Two weeks ago I turned to Michael and said “you know, we’ve been so healthy it’s amazing. We haven’t even had the sniffles for over a year!” And then I sneezed. And then I got a razor-blade sore throat. And then I wished I hadn’t said that.
From there I ran the full cycle of cold symptoms and Michael followed close behind. It seemed ironic since we basically skipped winter this year by traveling south through Mexico, Peru and Chile. The air is just becoming crisp and fall like here in Buenos Aires - and it will start to warm up again as we move towards Rio De Janeiro next week. But after that we fast forward to Springtime in Paris just in time for Easter.
Our colds slowed us down a bit, but we still hit Santiago running. We arrived on my birthday so we decided to have a nice dinner out to celebrate. We combined that with a trip to the nearby Costanera Mall (located at the base of the tallest building in South America) where we could get SIM cards, and where our host assured us we’d find a large supermarket and several nice restaurants to choose from.
The mall was as modern and full of brand name and boutique shops. Getting SIM cards was more challenging than usual but we got it done. The supermarket was well stocked. And dinner was…disappointing. I won’t go deep here - because the picture below sums it up. And really, a lonely piece of overcooked salmon and lukewarm, lumpy mashed potatoes can’t stand in the way of how blessed I’ve been to celebrate six birthdays as a Senior Nomad. The first was in Barcelona, then Malta, Santa Fe, Doha, Melbourne and now in Santiago.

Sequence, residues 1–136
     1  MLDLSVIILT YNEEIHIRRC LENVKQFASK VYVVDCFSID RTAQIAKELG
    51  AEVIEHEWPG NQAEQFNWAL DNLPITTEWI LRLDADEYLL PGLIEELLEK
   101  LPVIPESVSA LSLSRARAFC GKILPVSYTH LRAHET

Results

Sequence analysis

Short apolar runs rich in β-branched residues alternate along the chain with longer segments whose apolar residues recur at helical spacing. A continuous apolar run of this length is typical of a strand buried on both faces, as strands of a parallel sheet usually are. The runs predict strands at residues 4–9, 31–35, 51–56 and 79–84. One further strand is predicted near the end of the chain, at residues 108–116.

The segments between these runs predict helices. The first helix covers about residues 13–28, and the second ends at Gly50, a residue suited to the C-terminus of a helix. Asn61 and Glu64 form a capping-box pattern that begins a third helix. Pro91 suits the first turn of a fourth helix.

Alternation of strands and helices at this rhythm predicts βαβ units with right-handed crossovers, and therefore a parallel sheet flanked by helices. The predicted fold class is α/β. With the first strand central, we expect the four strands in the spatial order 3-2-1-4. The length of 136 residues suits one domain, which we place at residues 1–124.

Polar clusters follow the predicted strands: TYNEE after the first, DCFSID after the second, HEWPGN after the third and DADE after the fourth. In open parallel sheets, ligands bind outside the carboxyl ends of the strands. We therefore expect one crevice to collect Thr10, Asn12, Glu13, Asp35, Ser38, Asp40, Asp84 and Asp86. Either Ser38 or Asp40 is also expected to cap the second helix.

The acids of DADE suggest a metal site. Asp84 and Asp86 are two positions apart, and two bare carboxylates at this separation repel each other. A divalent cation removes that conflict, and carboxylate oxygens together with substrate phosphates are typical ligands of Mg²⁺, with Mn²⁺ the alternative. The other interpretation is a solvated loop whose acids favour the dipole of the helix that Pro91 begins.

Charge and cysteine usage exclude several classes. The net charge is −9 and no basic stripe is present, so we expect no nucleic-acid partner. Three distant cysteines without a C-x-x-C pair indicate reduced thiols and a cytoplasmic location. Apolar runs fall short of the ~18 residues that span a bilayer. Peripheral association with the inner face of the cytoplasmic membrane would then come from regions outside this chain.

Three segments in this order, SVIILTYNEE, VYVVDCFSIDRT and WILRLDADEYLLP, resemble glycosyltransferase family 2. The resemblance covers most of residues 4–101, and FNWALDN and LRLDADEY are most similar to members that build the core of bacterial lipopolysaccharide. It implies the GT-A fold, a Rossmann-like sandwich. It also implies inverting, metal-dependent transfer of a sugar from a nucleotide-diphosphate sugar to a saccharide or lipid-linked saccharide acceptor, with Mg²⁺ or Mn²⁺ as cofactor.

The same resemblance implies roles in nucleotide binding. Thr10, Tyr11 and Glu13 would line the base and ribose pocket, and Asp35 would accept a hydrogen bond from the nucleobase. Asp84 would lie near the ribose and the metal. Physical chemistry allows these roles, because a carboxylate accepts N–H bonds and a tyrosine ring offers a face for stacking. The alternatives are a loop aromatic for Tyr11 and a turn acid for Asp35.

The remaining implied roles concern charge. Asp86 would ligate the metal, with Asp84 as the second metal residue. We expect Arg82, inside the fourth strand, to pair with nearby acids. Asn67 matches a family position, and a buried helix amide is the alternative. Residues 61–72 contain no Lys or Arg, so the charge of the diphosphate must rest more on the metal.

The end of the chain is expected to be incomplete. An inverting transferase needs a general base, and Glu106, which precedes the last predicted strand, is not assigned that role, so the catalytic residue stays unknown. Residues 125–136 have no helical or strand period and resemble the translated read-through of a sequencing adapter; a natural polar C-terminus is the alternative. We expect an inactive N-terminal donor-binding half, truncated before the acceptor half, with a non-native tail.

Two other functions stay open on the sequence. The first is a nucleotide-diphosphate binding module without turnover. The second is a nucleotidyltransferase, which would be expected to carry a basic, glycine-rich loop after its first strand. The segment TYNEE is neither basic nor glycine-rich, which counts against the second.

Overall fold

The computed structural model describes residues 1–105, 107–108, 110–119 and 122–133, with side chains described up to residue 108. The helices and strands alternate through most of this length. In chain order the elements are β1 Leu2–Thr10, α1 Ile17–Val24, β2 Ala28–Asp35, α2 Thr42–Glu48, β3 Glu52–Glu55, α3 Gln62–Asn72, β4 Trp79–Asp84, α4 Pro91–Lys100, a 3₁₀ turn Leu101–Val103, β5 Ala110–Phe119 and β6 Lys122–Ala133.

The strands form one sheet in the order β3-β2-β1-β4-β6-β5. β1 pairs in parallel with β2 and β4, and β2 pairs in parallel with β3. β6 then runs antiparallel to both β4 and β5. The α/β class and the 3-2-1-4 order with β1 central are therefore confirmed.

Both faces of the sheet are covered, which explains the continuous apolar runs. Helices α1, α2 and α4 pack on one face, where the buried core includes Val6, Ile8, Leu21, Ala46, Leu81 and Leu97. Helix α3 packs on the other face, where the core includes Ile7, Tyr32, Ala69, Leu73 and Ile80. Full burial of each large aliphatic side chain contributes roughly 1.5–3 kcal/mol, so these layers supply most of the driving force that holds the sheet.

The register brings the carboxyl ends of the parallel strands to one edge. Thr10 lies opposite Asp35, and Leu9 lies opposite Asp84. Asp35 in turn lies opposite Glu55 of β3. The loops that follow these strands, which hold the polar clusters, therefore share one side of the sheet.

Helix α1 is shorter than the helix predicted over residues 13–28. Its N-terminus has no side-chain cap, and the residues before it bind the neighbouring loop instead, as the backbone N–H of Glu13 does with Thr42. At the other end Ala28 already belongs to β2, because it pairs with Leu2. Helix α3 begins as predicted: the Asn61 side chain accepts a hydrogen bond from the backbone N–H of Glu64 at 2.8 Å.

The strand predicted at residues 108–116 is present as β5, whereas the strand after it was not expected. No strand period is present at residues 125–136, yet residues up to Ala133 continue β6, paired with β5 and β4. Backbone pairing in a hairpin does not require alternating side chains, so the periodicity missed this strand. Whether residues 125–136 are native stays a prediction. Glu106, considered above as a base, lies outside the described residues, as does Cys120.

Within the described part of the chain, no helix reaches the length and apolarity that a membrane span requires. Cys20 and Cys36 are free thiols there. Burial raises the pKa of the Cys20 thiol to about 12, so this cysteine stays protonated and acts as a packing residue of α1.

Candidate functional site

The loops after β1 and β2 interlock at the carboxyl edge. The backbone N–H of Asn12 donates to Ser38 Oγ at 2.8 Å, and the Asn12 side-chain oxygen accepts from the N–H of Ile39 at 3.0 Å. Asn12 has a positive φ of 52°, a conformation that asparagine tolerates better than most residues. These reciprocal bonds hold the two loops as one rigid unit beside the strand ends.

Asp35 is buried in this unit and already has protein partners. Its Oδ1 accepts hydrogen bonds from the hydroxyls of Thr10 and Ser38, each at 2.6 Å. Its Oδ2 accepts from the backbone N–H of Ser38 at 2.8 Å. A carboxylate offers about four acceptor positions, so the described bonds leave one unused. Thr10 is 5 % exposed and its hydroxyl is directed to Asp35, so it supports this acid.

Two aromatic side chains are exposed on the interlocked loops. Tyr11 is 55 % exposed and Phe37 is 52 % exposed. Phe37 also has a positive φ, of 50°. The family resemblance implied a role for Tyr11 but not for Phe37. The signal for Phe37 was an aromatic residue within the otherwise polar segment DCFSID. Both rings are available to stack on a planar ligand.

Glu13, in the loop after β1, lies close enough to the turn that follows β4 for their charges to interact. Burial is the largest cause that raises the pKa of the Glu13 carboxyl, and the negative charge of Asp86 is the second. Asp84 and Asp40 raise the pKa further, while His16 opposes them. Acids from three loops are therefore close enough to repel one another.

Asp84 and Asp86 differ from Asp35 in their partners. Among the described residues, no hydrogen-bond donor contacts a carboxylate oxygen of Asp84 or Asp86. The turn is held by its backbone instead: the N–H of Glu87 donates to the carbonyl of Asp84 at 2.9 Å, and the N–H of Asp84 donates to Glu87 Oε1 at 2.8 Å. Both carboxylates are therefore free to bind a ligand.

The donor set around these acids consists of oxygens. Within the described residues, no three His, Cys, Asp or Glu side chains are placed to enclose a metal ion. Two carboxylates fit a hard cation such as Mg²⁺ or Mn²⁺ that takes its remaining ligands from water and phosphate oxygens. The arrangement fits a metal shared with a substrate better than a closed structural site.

That was on a Wednesday. We nursed our colds on Thursday, but Friday night we couldn’t pass up an opportunity to do something we’d never done before - socializing with the local expat community. For those who may not know, an expat is someone living outside their native country, usually for work. Sometimes we look at the English speaking expat sites in a city to see if there is an event around an American holiday like Thanksgiving or the 4th of July to attend. Most often they offer recommendations on English speaking services like preferred doctors, dentists, hair salons, home repair, etc.
For some reason Michael had a random look at the Santiago site and saw there was an End of Summer Barbecue and Wine Tasting at someones home. All we needed to do was sign up online, bring an interesting wine and a side dish to share! We arrived at Vanessa’s backyard where we found a dozen folks with wine glasses in hand. We felt a little like party crashers since we aren’t “living” in Santiago but no one seemed to mind and we met some great people, including others just passing through. I brought an old school American potato salad that was fun to make since I wouldn’t make that for just two of us. The group also had plans to attend a major horse race a few days later and then gather again for a St. Patrick’s Day potluck.
We did go to the horse racing event, and before that we attended an Anglican church service where our new compatriot Fred, who we met at the wine-tasting, is the pastor. But on St. Paddy’s Day, instead of green we wore the black and white team colors of Colo-Colo the local favorite football team and attended a match. We also had dinner out with two couples from the group, and I met one woman that I hope to keep in touch with for years to come.